As she was fixing her red hair into a ponytail so the wind wouldn’t blow it about, she noticed movement out of the corner of her eye and for the first time really looked at him. They were about the same age and he was shaking like a leaf. He had a blanket wrapped around him to keep the cold and wet at bay. Yet he still smiled and said “don’t worry.”
Heather made a split-second decision as she turned to him. “What would you like?” she asked. She pointed at the pizza place across the way. “I’m going over there and getting you something to eat. What would you like? They do pizzas, burgers and kebabs, I think.”
“Are you sure?” he asked.
“Yes, I am. Unless you want to come with me and order it yourself. I just assumed you wouldn’t want to give up a sheltered spot like yours in weather like this.”
A few minutes later, Heather dashed across the street. He’d asked for “whatever is cheapest,” but she had decided to share a proper meal with him – the pizza place she had in mind always had good value meal deals – as he’d get a drink out of it as well.
So she’d ordered two large pizzas, a portion of chips and two drinks, as well as a large cup of tea to take away. And while she was waiting for her order, she thought that this was right. She hadn’t had the small change to help, but by doing this, he’d get a hot meal.
When she returned with a bag full of food instead of just a bowl of chips as he’d expected, he thanked her profusely. Handing over the hot cup of tea, she held out her hand. “You’re very welcome. I’m Heather, by the way.” “Parker,” he said and gave her a firm and sincere handshake.
“I’ve really got to go, but it was nice to meet you, Parker. Take care, ok? You have a lovely evening now,” she grinned as he tucked into his food.
From there on in, the two of them sharing a meal became a regular occurrence. Every second Saturday when she got paid, Heather would stop off at the citadel. Sometimes, when he felt it was safe to leave his spot for a minute, they’d sit inside the small greasy spoon together; sometimes she’d sit next to him in the archway.
They started talking and eventually became friends. He explained what life on the streets was like and why he’d left home. How he’d wanted to be an electrician and how he took odd jobs and had read half the books in the public library.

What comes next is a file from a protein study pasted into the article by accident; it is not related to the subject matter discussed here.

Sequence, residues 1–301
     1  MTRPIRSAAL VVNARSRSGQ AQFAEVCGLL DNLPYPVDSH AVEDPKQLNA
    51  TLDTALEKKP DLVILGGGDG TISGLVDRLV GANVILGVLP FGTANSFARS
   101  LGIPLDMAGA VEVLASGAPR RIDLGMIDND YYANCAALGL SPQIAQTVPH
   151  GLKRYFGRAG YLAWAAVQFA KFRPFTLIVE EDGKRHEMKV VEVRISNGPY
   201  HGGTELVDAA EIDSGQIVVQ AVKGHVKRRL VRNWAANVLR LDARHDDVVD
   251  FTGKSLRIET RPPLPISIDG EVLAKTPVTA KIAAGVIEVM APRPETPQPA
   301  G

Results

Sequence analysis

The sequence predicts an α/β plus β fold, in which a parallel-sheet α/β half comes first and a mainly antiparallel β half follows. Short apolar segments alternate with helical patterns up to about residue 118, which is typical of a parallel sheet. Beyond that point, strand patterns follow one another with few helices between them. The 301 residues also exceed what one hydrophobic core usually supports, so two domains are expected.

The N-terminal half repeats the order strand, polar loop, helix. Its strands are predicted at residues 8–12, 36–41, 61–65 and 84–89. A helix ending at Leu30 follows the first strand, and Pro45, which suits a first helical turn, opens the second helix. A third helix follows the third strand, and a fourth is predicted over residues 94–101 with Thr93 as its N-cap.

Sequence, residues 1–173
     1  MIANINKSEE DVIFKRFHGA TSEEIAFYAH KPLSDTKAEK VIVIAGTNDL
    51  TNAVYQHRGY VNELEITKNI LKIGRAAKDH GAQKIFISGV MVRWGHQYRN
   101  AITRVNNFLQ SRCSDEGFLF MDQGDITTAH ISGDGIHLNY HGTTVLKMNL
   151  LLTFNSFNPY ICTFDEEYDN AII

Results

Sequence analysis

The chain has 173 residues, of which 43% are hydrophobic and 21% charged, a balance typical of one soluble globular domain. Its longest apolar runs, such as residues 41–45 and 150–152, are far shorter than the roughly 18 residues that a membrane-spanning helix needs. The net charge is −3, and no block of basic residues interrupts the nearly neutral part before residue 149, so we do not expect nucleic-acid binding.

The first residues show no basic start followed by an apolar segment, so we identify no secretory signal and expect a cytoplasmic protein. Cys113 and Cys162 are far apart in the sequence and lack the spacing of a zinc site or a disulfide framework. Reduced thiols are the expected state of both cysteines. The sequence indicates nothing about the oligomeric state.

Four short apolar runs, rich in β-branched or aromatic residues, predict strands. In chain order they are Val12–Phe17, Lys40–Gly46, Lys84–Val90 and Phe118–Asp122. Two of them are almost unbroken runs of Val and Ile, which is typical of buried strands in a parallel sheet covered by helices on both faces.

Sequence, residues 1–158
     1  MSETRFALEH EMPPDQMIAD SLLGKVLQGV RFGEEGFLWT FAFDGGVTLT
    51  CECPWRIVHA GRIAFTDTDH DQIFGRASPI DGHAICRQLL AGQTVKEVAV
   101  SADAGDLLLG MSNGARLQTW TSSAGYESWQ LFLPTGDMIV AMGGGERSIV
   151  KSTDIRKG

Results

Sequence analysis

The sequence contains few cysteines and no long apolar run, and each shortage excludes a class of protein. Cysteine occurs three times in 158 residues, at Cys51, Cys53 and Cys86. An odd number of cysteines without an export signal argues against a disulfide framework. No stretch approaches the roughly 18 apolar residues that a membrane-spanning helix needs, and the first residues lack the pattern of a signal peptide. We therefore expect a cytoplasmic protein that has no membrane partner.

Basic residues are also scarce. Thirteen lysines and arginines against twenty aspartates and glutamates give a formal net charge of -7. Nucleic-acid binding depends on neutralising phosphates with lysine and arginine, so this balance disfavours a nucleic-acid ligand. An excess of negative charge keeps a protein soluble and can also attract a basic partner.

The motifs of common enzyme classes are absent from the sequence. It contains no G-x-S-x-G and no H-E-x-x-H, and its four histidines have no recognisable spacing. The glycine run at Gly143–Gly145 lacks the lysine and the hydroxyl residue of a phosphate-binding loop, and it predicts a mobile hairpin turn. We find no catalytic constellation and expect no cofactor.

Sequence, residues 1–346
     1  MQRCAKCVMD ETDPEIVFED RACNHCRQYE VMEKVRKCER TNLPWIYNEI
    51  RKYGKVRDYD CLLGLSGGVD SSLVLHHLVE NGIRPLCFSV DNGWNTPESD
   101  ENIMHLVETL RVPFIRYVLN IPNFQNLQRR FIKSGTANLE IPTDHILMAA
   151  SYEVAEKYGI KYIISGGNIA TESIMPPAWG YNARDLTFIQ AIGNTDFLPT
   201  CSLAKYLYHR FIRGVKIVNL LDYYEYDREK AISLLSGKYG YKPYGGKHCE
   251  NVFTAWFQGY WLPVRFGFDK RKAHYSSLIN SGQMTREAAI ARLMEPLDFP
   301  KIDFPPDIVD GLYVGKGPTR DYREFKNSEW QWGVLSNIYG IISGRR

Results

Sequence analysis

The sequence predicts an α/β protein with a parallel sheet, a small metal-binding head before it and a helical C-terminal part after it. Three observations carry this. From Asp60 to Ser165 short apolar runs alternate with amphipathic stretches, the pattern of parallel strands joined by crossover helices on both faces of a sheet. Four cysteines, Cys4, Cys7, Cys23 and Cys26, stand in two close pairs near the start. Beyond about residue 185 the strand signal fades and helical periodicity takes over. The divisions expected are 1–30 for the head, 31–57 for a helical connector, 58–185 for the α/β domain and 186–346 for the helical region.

Heather started to look for Help Wanted signs and ask around whether anyone needed a handyman. One Saturday evening, they sat together in the small café and she helped him write his CV so she could print it out for him, and he could hand it out.
This continued for almost a year.
Then one day while she was on her way to university, she noticed he wasn’t there. She didn’t think much of it at first. Maybe he’d found a place at the shelter, or he was on one of his odd jobs.
When she returned that evening, he still wasn’t there. Heather started to worry when she hadn’t seen him anywhere in town in two weeks.
That Saturday, when she left work, she was relieved to see him sitting on the bench outside her work. He grinned from ear to ear when he saw her.
“Where have you been? I was worried?” she asked.
“Remember that caretaker position I applied for? I got the job! And they provide a room on the premises. Can you believe it?? I’m off the street. Look at me, I’ve got a job and a room of my own!”
Parker hugged her. “You helped me so much; you wrote my application letter. And one of the older men at my work used to be an electrician back in the day. It won’t be a “proper” qualification, but he’ll teach me and I’ll get to be an electrician, after all!”
Heather couldn’t believe it. He was safe, and he’d found a full-time job. Someone had finally given her friend a chance.
“I could never thank you enough. Not a lot of people treated me the way you did. But I want to make a start… So. What would you like?”
She looked at him confused. “What do you mean, what would I like?”
“I just got my first paycheck. And I’m buying you a pizza!”